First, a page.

Can red teaming and alternative analysis help decision makers anticipate events? As you might expect, the answer is not a simple “yes” or “no.”
First, anticipating events is extremely difficult, and most analysts–futurists included–will tend to caveat their work heavily. This is partly due to the limitations inherent in every analytical technique and partly due to the analyst’s natural reluctance to leap at long shots. While this can lead to muffled insights and recommendations, it also helps avoid spectacular mistakes.
Qualitative analysis is often best suited to address human-driven complexity, but qualitative approaches generally sacrifice analytical precision for flexibility and descriptive power. Scenarios in particular are susceptible to problems related to the conjunction fallacy, and a persuasive narrative can actually lead a decision maker to misperceive risk.1 Quantitative analysis, on the other hand, gains in precision but often obscures its workings behind a curtain of formulas and algorithms, in many cases reducing a decision maker’s willingness to trust the results.
Second, analysis is not an all-or-nothing proposition. An analyst, for example, might predict one element of an event but fail to anticipate others, and the value of the anticipated element is certain to vary by context. Further, getting a foundational element wrong will often preclude getting a dependent element right.
The following model defines the various elements of anticipation and their relationships. It’s a rough, back-of-the envelope sketch, but it helps clarify the challenge.
- Strategic elements form the foundation. I loosely characterize these elements as the who and the why. Examples of specific elements at this level include an opponent’ s goals, preferences, and perhaps even depth and breadth of resources.
- Operational elements come next and build on the foundation of strategic elements. I characterize the operational elements as the how and the what. Examples of elements at this level include the method of attack, the class of target, and the opponent’s technological capability.
- Tactical elements come last and build on the foundation of strategic and operational elements. I roughly characterize the tactical elements as the when and the where. It also includes the specific who, or the individuals who execute the event. Examples of elements at this level include the time and place of the event.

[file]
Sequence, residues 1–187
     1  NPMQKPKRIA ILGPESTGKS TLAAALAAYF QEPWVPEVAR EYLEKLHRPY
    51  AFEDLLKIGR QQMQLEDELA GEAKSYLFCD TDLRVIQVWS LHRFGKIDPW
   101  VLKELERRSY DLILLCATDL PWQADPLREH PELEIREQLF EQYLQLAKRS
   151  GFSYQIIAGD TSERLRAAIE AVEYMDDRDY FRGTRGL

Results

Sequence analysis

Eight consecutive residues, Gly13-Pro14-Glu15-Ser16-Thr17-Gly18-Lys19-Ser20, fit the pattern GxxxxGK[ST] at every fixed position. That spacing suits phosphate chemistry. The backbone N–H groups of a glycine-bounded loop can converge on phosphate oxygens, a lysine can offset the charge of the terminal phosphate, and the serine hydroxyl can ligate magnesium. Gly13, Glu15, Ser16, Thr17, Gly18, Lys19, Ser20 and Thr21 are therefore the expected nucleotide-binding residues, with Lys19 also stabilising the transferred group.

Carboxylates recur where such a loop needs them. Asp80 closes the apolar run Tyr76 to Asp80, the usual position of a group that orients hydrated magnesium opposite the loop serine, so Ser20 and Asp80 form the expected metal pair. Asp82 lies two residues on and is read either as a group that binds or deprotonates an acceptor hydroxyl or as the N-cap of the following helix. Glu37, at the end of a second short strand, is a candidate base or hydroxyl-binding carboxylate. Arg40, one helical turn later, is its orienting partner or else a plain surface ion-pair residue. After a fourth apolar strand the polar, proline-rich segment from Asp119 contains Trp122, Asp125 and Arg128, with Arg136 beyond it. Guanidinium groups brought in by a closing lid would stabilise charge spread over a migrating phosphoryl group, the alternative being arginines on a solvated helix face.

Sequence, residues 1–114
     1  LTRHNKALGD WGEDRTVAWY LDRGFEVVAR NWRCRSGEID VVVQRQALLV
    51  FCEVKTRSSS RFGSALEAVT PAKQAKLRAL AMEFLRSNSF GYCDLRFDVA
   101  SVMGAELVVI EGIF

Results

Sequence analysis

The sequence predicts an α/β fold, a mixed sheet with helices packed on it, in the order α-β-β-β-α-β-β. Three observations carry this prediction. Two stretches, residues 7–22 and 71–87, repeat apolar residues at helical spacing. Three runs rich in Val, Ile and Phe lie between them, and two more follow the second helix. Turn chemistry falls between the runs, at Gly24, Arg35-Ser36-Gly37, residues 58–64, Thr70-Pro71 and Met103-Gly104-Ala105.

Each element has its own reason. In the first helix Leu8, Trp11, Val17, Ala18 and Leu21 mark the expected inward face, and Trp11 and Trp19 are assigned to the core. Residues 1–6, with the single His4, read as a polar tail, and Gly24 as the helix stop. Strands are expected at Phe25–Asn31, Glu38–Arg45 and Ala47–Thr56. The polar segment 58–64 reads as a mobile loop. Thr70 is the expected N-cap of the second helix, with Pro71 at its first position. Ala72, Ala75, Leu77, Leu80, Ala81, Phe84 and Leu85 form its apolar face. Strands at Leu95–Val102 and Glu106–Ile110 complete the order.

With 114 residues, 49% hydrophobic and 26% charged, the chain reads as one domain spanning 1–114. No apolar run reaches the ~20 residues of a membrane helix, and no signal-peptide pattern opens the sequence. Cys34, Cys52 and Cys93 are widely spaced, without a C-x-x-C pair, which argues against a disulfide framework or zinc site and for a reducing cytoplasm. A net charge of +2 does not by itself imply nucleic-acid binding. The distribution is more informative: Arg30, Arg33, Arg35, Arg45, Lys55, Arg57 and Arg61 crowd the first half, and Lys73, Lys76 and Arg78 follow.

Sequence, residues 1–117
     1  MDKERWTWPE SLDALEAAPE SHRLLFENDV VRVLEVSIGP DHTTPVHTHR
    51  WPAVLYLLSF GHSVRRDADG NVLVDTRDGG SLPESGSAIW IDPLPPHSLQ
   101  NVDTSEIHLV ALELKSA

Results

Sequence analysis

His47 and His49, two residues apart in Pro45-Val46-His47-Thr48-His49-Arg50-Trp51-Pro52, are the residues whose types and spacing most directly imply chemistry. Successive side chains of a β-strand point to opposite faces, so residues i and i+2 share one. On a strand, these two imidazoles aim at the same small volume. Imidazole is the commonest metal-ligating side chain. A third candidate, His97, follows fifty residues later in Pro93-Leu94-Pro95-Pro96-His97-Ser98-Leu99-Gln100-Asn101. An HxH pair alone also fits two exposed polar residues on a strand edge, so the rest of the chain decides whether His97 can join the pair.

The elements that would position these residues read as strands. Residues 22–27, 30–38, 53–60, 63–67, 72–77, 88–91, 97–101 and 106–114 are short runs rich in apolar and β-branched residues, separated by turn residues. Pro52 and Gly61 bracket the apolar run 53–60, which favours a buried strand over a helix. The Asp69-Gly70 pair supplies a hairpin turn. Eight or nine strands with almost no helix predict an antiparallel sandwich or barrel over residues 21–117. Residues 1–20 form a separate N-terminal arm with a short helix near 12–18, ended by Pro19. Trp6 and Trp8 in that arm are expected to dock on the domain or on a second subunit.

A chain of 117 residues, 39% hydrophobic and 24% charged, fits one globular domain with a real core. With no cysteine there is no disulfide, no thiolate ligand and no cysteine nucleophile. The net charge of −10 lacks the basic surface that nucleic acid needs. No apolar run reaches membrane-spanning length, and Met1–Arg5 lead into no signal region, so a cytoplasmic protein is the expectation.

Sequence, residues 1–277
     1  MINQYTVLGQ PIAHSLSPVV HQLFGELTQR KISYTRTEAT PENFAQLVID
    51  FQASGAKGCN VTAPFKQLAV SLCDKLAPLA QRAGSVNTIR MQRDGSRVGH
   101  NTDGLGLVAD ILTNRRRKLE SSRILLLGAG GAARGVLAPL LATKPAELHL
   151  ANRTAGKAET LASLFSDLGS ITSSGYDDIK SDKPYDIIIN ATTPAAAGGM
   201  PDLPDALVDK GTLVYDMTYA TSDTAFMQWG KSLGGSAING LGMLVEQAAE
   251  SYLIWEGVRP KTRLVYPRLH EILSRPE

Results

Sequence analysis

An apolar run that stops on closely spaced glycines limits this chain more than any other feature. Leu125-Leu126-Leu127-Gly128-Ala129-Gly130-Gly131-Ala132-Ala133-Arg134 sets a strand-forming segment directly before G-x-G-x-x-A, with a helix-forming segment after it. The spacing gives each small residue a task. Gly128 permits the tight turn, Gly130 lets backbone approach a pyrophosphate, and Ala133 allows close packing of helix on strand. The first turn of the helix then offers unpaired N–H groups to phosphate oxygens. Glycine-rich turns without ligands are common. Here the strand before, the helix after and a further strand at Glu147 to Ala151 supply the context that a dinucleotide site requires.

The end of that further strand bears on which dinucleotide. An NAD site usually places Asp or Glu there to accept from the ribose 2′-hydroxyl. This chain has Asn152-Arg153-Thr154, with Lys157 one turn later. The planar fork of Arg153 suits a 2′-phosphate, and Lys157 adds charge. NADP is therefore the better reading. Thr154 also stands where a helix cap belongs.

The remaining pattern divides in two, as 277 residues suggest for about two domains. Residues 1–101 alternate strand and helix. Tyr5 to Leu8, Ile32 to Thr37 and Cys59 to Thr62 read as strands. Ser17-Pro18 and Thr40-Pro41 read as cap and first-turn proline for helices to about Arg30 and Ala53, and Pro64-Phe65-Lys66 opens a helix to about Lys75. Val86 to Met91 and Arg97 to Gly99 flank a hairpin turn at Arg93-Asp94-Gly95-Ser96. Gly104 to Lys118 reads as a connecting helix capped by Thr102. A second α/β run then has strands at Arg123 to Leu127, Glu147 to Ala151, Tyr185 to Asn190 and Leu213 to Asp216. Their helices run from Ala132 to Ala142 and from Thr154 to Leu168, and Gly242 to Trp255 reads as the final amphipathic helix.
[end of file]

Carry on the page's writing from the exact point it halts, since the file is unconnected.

What does this simple model imply? Foremost, it suggests that a red team will probably not anticipate elements of a higher level correctly if it misreads elements of a lower level. Conversely, a red team that correctly identifies elements of a lower level is more likely to anticipate elements of a higher level. For example, a team that correctly interprets an opponent’s goals and preferences is more likely to anticipate the target and method of an attack. It is also worth noting that successful anticipation becomes more difficult at higher levels; in fact, it is arguable whether a red team or analyst can anticipate the tactical elements based on analysis alone.
A spin-off benefit of the model is that it provides a shorthand heuristic for describing levels of surprise. Using this model, a strategic surprise occurs when an analyst or decision maker fails to anticipate all levels before an event; an operational surprise occurs when an analyst or decision maker anticipates the who and the why but fails to anticipate the what, how, when, and where; and a tactical surprise occurs when the analyst or decision maker anticipates the who, why, what, and how but fails to anticipate the when and the where. As always, the analyst should not overlook the possibility of deception. Successful deception at the strategic and operational levels is almost certain to enable a strong surprise.
Finally, the value of anticipatory analysis must be measured in concert with the function of intelligence collection. Even though standalone analysis is not likely to anticipate the tactical elements of the model above, good analysis at the strategic level can point intelligence collection toward the operational and tactical elements of the model. In other words, an analyst may never be able to anticipate the when and where of an unlikely event, but he or she might be able to identify the what and how with enough confidence to tip collectors to the domain of the where and the when.
- See, for example, Tetlock’s extended discussion in Expert Political Judgment. [↩]